Interpersonal Communication

IPC is essential to increase access to correct information, combat common misconceptions, and generate demand for modern FP methods.

Under WHP, PSI/Cambodia used two IPC models — direct implementation through community mobilizers (CM) managed by PSI/Cambodia, and indirect implementation through subgrants to local non-governmental organizations.

PSI/Cambodia research found that women exposed to IPC interventions were more likely to believe that modern methods of FP are effective and easy to use, and have a positive perception of IUDs.


In addition to combating misinformation and improving perceptions of LARCs, IPC interventions through WHP directly contributed to an increase in the number of women using LARCs through effective referrals to network and non-network providers.

Since 2013, more than 74,000 women were successfully referred to private clinics or public health centers for IUDs, 10,610 for implants, and 18,390 for short-term methods. The majority of referrals (85%) between 2013–2019 were to private clinics; the remaining 15% were to public health centers.

Evolving IPC Models

Between 2010–2015, the IPC program was conducted primarily through lecture-style community events. After several iterations of this model, PSI/Cambodia discovered that the effectiveness of this model was decreasing, and many women reached through these sessions were either uninterested or happy with their current method.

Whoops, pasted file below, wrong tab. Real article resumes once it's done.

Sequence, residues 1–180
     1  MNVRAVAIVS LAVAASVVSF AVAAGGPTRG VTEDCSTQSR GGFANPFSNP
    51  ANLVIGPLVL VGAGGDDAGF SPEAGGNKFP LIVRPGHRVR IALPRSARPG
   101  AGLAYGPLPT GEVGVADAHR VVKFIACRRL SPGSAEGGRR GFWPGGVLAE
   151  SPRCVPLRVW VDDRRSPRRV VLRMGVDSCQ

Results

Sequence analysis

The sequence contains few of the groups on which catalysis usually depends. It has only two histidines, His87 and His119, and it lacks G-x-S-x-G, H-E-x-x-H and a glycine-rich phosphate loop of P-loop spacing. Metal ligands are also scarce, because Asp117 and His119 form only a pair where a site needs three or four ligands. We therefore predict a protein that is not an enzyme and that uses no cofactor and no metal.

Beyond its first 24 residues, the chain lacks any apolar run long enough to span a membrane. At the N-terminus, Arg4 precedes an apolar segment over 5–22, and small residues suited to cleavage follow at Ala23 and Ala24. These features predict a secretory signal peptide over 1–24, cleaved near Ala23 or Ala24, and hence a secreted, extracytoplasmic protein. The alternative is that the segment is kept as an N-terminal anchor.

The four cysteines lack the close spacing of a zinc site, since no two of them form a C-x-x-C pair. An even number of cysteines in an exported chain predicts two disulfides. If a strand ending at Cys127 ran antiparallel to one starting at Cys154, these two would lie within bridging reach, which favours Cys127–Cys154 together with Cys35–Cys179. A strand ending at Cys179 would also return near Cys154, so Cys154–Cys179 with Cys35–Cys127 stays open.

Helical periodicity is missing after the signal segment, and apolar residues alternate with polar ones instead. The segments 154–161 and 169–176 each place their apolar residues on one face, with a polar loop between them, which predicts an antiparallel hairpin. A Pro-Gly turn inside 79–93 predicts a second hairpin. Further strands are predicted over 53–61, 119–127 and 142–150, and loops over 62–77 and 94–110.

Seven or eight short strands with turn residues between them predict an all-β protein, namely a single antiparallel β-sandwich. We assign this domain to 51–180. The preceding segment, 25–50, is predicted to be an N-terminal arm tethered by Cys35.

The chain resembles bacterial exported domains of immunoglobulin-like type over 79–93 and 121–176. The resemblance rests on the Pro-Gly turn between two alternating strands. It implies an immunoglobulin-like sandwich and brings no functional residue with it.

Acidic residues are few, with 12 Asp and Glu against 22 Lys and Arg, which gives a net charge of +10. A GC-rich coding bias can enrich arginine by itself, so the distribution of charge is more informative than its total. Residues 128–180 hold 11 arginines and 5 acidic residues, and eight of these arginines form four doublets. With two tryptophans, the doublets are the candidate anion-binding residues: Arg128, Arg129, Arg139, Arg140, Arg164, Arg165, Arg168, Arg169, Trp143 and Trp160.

In 2015, PSI/Cambodia launched a more targeted approach, with five clearly defined target groups:

  • New Mama
  • Big Mama
  • Post-Abortion Women
  • Traditional Method Users
  • Interested Non-Users

Using the new IPC algorithm and job aids, CM/IPC Agents were able to easily customize their messaging based on the household make-up.

As a result of the new model, the number of successful referrals per CM or IPC agent increased from 100 successful referrals per year in 2014 to 142 per year in 2015.


In 2008, WHP began supporting the SQHN, PSI/Cambodia’s social franchise of private sector providers. Through WHP, PSI/Cambodia supported over 250 private providers with facility renovations, trainings, routine supportive supervision visits designed to improve counseling skills and service provision, and support for the management of adverse events and complications.

By 2020, with PSI/Cambodia’s support, over 90% of providers had met or exceeded minimum quality assurance standards.

The high quality of services provided by SQHN providers is also reflected in client satisfaction surveys. PSI/Cambodia conducted three rounds of surveys – in 2014, 2016, and 2018 – across 14 provinces. Across all three surveys, over 85% of FP clients would recommend the facility to others, and between 2016–2018 positive trends for client satisfaction were found in the following areas: appointment convenience, privacy and confidentiality, attitude of staff, and attitude of the provider.


PSI/Cambodia collaborated with the Royal Government of Cambodia and other stakeholders to change national protocol to allow nulliparous women – those who have never given birth – to receive an IUD, change the medical eligibility criteria for IUD insertion from six weeks post-partum to four weeks post-partum, and also allow immediate post-partum IUD insertions at the referral hospital level in the public sector.

WHP was made possible through generous donor support and in partnership with key stakeholders.

PSI/Cambodia wishes to thank the Royal Government of Cambodia and local partners for over a decade of support and close collaboration. PSI/Cambodia would also like to thank each SQHN provider for their commitment to high-quality services and dedication to improving the health of Cambodian women. Finally, thank you to the entire PSI team for their invaluable technical support.


Sexual and Reproductive Health Director

Senior Technical Advisor, Service Delivery